Posts Tagged ‘Kentucky’

Kentucky fast-tracking retiring military into law enforcement agencies

July 12, 2022

The Department of Defense has a SkillBridge program aimed at helping military members transition to civilian employment. Kentucky is the first state to utilize the program statewide, as reported here. Military retirees will be able to attend basic police training at Kentucky’s Department of Criminal Justice Training during their final 180 days of military service, positioning them to move straight into a police career. In addition, “The program provides significant cost savings to law enforcement agencies as the military has agreed to continue paying the service member’s salary and other benefits while attending a basic training academy.” The first soldier completed the program in April of this year.

Evidence supports place-based policing strategies

April 12, 2022

A recent article in the Washington Post criticized place-based policing strategies, tying them to the police shooting of Breonna Taylor in Louisville in 2020. This column by several distinguished police scholars argues instead that what happened in Louisville was a botched no-knock warrant service, having nothing to do place-based policing. Noting that crime concentrates in a small number of locations in any jurisdiction, “Place-focused approaches in policing bring communities a more thoughtful and high-quality approach to policing than traditional policing approaches which are often unfocused across communities. The science supports police adopting place-based approaches. Ignoring the needs of these places would be irresponsible and contribute to higher victimization.”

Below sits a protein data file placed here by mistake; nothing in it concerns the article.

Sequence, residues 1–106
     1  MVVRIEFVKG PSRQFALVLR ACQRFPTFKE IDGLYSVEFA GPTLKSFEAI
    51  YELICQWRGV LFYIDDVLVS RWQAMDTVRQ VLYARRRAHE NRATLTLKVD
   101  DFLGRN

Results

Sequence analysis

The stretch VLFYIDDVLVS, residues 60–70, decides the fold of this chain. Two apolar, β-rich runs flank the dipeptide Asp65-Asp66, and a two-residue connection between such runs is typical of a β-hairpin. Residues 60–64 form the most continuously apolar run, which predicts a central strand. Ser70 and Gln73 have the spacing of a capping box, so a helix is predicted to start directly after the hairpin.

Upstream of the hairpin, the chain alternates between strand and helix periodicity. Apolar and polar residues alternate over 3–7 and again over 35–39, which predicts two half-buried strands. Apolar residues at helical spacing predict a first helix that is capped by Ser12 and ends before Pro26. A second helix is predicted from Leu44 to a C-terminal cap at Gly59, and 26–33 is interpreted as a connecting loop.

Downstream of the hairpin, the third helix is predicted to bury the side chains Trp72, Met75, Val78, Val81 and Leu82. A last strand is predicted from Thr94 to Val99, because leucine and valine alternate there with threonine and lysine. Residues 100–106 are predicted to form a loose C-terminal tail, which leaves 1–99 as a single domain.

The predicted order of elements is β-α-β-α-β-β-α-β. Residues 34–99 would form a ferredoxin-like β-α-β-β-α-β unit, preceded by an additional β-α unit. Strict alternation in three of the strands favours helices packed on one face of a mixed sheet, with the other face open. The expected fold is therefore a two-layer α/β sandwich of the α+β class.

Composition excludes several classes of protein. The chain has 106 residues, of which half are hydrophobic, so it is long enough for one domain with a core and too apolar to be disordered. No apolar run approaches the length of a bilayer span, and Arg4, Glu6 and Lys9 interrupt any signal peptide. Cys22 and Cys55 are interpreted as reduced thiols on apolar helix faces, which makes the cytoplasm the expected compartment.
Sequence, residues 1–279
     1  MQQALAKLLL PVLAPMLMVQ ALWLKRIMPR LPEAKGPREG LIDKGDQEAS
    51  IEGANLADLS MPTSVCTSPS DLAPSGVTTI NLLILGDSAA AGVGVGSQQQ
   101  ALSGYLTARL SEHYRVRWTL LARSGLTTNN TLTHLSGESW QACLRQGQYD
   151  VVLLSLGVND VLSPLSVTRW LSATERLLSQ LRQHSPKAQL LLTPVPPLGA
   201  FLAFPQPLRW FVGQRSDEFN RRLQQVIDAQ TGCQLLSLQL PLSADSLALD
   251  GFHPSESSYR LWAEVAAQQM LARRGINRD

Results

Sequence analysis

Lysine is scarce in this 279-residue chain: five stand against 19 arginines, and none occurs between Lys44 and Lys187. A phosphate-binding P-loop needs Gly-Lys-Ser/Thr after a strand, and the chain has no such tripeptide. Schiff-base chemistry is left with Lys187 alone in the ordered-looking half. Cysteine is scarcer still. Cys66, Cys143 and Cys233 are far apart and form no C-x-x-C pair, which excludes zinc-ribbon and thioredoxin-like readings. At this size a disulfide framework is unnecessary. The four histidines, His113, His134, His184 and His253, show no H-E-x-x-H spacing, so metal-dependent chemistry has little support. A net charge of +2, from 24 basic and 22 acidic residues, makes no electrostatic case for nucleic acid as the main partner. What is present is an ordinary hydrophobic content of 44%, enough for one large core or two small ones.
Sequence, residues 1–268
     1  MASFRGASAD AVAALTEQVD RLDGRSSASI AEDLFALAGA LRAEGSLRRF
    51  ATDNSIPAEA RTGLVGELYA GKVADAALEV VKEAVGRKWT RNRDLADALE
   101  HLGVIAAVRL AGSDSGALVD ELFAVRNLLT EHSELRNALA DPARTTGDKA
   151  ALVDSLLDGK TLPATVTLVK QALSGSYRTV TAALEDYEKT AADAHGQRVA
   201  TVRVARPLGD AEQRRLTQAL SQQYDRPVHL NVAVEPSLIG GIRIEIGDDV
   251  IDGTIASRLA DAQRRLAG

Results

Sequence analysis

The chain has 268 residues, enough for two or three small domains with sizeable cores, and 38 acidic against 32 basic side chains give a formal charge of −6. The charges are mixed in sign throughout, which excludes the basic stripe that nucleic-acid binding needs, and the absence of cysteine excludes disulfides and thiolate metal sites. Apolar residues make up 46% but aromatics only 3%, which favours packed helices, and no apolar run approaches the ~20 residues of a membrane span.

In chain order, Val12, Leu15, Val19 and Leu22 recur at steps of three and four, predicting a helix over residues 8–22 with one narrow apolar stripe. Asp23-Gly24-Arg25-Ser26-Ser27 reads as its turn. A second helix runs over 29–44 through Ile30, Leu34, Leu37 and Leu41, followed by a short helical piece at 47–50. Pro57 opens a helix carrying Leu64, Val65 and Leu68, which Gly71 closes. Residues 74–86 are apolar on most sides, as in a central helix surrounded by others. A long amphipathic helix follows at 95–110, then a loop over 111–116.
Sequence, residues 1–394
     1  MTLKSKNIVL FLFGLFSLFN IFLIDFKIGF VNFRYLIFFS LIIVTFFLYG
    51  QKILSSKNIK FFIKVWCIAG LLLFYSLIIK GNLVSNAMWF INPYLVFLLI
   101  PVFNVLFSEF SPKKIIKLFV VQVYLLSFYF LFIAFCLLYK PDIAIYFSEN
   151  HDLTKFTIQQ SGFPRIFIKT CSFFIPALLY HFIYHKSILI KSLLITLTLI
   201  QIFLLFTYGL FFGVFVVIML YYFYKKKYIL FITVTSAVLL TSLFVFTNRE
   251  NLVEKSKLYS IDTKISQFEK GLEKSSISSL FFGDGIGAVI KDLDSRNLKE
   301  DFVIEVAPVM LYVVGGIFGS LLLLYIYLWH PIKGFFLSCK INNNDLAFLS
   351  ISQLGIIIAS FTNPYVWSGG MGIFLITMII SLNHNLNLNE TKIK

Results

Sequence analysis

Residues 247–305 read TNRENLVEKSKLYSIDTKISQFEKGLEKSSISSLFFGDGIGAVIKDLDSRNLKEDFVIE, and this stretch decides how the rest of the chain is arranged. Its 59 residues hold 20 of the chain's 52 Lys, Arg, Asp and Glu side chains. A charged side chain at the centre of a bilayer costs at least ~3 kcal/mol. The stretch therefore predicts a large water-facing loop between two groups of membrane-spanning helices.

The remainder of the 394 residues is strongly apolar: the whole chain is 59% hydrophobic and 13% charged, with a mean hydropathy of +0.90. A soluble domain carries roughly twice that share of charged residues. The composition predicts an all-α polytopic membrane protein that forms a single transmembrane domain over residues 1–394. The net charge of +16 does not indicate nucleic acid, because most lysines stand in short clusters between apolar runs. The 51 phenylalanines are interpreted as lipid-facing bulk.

Round 2 for reform in Louisville

October 27, 2021

Louisville was one of 15 cities selected in 2016 to become models of 21st century policing. As of 2017, the police department indicated it had completed 351 different reform initiatives. However, as reported here, the agency shifted its focus to aggressive patrol and enforcement as violent crime began to increase. Community policing duties were largely relegated to a special unit and community activists began to question the city’s reform sincerity. Then, in 2020, Breanna Taylor was killed by police during execution of a no-knock search warrant. Protests later in the year over her death and the murder of George Floyd in Minneapolis turned violent and the police response was heavy-handed. A federal civil rights investigation is now underway, likely to result in recommendations or mandates similar to the ones that were promised back in 2016.